What You Need to Know about Distributed Renewable Energy Markets in Africa

For African countries, accessing sources of renewable energy is still a challenge, even as the rest of the world is gradually turning towards them. Renewable energy is mostly distributed through mini-grids and isolated systems. Recently, the mini-grid distribution sector has grown considerably, particularly in developing countries in Africa where centralised grid systems are unable to reach people in remote locations. Although urban migration is common in Africa, about 59 percent of the continent’s population is still rural. Mini-grids are expected to contribute 45 percent of the additional generation capacity for universal access to energy by 2030. Based on this, they are expected to play a major role in enabling countries to meet the objectives set by the United Nations Secretary General’s Sustainable Energy for All (SE4ALL) initiative.

Investment in distributed renewable energy in Africa is witnessing significant support from governments, public and private investors, even though there is a level of skepticism about its new and evolving nature.

Dr. Rose Mutiso, co-lead of the Global Lighting and Energy Access Partnership (Global LEAP) initiative, spoke with Ventures Africa to shed more light on what the future of a distributed renewable energy market in Africa could look like for interested investors and consumers.

Ventures Africa (VA): How accessible is distributed renewable energy technologies market is and what is the current attitude towards the market in Africa, both on the public and private fronts?

Dr. Rose Mutiso (RM): Renewable technologies such as solar are mature and costs have dropped significantly. This is not just an environmental consideration, the economic drivers for renewables are also strong as more than two-thirds of Africans lack access to electricity. Renewables will play a major role in closing this energy access gap. In particular, distributed renewable technologies such as off-grid solar and mini-grids will be crucial for reaching the millions of Africans who live in rural areas where conventional grid-extension may not be cost-effective or timely.

The markets for these off-grid technologies are growing, but there is still more to be done in order to give them stronger legitimacy. The International Energy Agency (IEA) estimates that over 60 percent of energy investments need to go towards these solutions, if universal energy access goals are to be met, so we have to embrace them. African governments and global development partners are starting to recognise the role of renewable technologies and distributed solutions, which is a welcome change.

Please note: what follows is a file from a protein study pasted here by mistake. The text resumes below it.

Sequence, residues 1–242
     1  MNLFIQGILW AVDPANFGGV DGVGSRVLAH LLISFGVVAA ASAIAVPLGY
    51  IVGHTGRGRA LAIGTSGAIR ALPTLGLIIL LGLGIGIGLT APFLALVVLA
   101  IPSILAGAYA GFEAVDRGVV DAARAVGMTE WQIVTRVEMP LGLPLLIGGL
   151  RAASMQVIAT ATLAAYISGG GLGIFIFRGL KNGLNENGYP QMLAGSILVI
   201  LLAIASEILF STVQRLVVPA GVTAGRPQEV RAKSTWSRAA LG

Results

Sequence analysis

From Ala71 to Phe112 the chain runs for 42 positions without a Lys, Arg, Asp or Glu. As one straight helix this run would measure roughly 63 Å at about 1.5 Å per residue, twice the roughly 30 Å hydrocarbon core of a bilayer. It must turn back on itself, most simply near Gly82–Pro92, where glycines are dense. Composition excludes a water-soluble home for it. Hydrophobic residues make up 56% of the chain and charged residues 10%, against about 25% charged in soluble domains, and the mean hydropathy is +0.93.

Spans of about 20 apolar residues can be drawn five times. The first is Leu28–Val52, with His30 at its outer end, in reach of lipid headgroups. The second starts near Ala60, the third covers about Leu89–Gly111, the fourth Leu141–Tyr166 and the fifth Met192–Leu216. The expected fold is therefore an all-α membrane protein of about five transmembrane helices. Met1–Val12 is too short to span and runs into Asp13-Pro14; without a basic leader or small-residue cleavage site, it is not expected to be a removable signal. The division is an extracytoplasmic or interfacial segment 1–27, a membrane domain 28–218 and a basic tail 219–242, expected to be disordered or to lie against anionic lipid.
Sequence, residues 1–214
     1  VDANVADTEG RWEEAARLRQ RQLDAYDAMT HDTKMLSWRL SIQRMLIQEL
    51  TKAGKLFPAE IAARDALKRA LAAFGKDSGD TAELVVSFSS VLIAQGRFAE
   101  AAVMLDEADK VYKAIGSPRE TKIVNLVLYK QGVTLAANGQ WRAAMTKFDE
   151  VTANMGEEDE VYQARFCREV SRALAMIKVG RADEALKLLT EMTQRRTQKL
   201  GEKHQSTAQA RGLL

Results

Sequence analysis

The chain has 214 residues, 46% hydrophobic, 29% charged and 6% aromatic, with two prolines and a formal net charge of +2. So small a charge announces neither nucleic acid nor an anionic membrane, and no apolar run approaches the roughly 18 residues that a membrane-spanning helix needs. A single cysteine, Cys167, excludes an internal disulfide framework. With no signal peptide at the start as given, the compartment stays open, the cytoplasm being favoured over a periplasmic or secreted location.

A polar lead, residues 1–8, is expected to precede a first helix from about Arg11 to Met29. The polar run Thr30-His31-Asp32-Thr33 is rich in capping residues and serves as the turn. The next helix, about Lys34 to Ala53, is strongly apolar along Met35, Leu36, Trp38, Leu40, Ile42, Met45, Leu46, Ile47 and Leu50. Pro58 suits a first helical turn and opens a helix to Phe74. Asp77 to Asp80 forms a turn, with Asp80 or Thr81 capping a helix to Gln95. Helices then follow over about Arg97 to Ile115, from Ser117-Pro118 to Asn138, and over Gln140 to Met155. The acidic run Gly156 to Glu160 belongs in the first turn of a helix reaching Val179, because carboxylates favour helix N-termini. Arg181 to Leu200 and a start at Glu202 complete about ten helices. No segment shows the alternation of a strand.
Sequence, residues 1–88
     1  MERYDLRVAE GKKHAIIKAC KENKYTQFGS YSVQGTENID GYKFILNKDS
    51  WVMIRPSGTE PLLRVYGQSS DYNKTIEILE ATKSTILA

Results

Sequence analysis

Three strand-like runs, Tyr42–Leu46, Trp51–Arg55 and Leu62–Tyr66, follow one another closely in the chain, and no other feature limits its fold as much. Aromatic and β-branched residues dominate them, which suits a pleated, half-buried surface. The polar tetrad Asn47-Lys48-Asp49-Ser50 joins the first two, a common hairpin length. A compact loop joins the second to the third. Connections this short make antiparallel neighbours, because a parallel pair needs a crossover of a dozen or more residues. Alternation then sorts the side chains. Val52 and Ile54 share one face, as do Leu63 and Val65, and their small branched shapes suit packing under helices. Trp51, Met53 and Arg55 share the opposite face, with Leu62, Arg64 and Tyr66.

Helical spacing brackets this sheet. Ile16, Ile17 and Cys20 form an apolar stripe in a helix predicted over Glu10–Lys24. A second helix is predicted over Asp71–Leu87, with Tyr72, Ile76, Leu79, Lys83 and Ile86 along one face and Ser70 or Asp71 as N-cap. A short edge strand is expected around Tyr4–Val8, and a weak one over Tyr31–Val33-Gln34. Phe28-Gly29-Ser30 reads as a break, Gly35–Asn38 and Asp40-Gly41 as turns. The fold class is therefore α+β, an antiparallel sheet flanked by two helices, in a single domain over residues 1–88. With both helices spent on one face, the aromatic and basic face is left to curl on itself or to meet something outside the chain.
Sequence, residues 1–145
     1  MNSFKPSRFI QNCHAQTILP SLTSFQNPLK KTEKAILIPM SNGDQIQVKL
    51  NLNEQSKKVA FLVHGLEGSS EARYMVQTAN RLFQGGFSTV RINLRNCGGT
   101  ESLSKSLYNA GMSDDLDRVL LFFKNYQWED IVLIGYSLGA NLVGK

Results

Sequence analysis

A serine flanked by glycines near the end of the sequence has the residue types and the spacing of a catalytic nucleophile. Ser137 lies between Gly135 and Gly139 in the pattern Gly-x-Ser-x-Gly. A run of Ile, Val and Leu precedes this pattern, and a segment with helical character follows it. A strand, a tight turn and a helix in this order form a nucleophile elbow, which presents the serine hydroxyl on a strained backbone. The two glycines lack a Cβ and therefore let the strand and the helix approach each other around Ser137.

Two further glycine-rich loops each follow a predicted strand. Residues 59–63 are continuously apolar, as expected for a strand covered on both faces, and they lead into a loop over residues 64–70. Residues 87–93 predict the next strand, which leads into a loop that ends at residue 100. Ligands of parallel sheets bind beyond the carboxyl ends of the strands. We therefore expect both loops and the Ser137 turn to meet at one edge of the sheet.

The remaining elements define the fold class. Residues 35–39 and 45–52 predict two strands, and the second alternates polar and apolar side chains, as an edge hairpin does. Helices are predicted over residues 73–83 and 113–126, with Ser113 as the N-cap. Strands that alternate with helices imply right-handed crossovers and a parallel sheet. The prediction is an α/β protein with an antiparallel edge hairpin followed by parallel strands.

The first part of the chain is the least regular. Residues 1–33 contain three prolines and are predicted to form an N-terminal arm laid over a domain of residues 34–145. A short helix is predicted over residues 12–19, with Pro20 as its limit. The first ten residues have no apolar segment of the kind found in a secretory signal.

Through the efforts of programs such as International Finance Corporation’s Lighting Africa program, markets for off-grid solar lighting and charging products are growing rapidly. More needs to be done enable these technologies to reach more people and also allow them move up the energy ladder beyond providing electricity. I co-lead the Clean Energy Ministerial Global Lighting and Energy Access Partnership (Global LEAP) initiative, which works with partners across the world to catalyse commercial markets for affordable, high-quality and high-performing clean energy products and services in areas such as sub-Saharan Africa. We just announced a new effort in collaboration with UN Sustainable Energy for All initiative (SE4All) at COP21 known as the Efficiency for Access (E4A) Coalition, which aims to harness energy-efficient technologies to enable delivery of energy services to off-grid populations faster and at the lowest cost.

Meeting the ambitious SDG7 (Sustainable Development Goal 7) targeting universal energy access by 2030, will need a major paradigm shift away from business-as-usual approaches and explore more innovative technologies and service delivery models. Distributed renewable technologies are at the heart of this strategy.

VA: Besides funding, what other technical or operational challenges exist with distributed renewable energy on the continent?

RM: Technologies are largely mature, but more needs to done to bring down costs of some key components such as batteries and end-use technologies. A sound regulatory and policy environment is also needed. Off-grid energy companies face many challenges in attracting private investment due to the high risks, both real and perceived, so the public sector actors need to step in to help de-risk these investments.

Companies are still experimenting with different business models and some sectors, such as mini-grids, are yet to see some really successful examples, so we need more resources to enable experimentation and risk-taking in this sector.

Do you think that Africa is capable of building infrastructure to support distributed and/or renewable energy generation, as well as their necessary technologies?

Yes, as long as we have a stronger political ‘buy-in’, prioritisation of distributed renewables as an important part of the energy mix, enabling policies and regulatory frameworks and mobilization of substantial public and private sector finance. Developed countries need to play a stronger role in support of Africa as it undertakes this task of working towards universal electrification in a way that side-steps the many pitfalls of the mainstream approaches to electrification such as environmental degradation. This is a great opportunity for the whole world to learn from Africa’s experience in a massive roll-out of renewable and distributed technologies and there is also a huge opportunity for Africa here by bypassing some of the challenges of dealing with legacy infrastructure that other countries face.

Source: Ventures Africa